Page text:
There are more than one million members of the H’Mông ethnic group in Vietnam, 231,464 of whom live in Hà Giang, making up 32% of the total population of the province. Two main subgroups live in Hà Giang: the White H’Mông and the Flower H’Mông (a.k.a. Variegated H’Mông). The H’Mông that many travelers are exposed to are the Black H’Mông around Sa Pa, Lào Cai province, but they do not live in Hà Giang.
White H’Mông women grow flax, and use it to weave textiles, such as their white skirts. A good place to see traditional White H’Mông flax textile manufacturing is at Lùng Tám commune in Quản Bạ district. In Đồng Văn, White H’Mông women wear dresses covered in sequins, especially on market day.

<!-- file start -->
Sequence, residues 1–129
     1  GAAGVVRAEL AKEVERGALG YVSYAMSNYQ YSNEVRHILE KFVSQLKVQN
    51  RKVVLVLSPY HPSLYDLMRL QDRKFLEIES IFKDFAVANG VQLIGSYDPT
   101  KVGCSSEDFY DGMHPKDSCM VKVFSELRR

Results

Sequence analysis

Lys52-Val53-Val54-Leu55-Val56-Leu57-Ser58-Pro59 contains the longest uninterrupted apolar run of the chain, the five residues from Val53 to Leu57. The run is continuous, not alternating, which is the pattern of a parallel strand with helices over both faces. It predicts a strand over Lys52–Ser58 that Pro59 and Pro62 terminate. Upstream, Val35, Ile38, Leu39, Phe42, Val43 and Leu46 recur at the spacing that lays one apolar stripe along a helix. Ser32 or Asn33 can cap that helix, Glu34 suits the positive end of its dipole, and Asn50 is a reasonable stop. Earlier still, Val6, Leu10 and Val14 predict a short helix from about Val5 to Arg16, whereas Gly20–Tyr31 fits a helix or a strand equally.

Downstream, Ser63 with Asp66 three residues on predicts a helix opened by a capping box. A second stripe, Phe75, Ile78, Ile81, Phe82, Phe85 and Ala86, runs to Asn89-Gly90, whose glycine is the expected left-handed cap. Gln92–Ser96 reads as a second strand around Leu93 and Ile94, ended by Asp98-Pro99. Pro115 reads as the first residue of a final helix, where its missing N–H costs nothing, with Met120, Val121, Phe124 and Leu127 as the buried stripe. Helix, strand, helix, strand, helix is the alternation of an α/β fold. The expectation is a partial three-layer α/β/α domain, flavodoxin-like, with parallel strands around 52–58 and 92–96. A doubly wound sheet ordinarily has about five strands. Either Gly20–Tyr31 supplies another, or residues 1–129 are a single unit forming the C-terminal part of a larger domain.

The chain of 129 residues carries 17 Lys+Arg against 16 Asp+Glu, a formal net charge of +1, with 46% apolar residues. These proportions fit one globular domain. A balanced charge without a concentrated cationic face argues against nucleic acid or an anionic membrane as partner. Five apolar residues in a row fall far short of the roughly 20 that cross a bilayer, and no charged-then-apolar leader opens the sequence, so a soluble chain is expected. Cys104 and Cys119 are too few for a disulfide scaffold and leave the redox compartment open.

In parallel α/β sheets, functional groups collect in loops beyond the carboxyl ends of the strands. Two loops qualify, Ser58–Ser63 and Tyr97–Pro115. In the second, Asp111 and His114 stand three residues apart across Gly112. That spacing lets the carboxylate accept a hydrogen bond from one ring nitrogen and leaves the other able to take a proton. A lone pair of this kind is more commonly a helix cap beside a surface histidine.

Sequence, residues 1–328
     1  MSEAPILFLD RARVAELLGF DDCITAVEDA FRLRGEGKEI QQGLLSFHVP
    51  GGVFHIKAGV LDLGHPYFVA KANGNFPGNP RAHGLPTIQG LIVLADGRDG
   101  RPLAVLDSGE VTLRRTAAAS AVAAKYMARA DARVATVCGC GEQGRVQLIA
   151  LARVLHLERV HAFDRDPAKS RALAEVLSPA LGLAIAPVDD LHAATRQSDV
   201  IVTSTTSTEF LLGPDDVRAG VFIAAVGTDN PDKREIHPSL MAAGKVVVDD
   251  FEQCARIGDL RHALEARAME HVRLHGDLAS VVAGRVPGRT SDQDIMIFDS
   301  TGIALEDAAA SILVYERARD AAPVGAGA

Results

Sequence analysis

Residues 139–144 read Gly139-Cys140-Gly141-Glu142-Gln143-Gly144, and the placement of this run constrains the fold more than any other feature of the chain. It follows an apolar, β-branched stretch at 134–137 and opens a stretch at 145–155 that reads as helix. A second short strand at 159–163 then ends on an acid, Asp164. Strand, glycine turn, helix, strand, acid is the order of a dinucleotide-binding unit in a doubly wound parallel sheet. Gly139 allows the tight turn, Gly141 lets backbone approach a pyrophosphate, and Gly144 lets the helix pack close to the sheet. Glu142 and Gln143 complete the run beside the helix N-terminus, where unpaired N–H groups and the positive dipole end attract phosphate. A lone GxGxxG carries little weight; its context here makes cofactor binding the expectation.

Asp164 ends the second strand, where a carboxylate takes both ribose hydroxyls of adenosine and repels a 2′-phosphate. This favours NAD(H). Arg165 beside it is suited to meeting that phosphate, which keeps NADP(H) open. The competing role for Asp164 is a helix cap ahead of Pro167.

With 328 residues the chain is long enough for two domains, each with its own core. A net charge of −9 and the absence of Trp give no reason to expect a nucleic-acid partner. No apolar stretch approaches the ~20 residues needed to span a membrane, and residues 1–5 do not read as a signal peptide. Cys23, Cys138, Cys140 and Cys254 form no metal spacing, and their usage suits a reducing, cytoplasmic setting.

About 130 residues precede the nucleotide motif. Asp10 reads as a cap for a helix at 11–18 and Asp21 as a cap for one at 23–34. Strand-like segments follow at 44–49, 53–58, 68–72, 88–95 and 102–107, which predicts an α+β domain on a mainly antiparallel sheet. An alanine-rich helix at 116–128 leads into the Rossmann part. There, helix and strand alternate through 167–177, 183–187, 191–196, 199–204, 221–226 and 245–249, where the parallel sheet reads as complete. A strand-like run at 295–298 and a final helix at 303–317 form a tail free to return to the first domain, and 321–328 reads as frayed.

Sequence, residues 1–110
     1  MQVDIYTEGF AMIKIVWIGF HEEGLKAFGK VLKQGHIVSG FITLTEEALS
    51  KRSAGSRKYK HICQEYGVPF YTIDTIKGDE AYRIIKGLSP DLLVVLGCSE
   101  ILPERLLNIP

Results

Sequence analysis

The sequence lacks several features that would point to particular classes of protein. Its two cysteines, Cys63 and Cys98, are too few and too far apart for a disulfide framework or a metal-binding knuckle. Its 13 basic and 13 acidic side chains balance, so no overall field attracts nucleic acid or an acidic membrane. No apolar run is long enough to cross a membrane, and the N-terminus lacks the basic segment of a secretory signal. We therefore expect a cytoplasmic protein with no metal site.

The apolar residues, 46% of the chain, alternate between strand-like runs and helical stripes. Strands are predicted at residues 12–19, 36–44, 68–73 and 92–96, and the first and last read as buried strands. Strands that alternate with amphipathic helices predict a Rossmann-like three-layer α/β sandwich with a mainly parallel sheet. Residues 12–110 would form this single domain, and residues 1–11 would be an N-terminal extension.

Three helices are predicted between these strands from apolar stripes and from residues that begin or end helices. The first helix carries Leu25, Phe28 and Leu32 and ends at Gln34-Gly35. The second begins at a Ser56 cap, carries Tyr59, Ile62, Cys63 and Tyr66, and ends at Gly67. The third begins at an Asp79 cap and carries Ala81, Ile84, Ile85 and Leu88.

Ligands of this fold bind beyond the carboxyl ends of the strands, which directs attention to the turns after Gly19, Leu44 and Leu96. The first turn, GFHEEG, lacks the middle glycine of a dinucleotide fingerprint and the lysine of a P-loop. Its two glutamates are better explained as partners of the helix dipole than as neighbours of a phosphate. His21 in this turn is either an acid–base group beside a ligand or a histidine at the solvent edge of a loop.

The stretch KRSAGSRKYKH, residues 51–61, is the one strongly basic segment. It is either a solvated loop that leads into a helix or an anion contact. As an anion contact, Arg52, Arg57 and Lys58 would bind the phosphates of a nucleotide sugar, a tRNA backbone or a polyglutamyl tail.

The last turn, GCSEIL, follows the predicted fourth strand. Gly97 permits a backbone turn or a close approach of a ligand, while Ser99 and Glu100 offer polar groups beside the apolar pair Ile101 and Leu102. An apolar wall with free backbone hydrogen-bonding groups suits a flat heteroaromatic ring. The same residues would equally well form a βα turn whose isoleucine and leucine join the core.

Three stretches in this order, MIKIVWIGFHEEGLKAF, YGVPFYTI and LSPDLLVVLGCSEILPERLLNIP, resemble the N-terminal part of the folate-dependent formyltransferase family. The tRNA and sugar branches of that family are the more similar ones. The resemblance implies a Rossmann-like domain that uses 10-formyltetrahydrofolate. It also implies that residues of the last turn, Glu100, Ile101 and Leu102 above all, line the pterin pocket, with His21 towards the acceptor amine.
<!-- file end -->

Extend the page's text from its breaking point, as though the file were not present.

The Flower H’Mông are famous for their colorful fabrics, including pa ndau (“flower cloth”) needlework. This art is passed down from mother to daughter, and used to decorated many common and ceremonial fabric items with geometric patterns. The Flower H’Mông women typically wear silver jewelry and dark blue clothing dyed with indigo, which is decorated with brightly colored pa ndau embroidery. They are the most colorfully dressed of all of the hill tribes in Vietnam, and often wear beaded headdresses to social events.
The H’Mông are also famous for their other crafts, such as plows and furniture. In the 1960s, a writing system was developed for the H’Mông languages using the Roman alphabet, but it is not widely used today.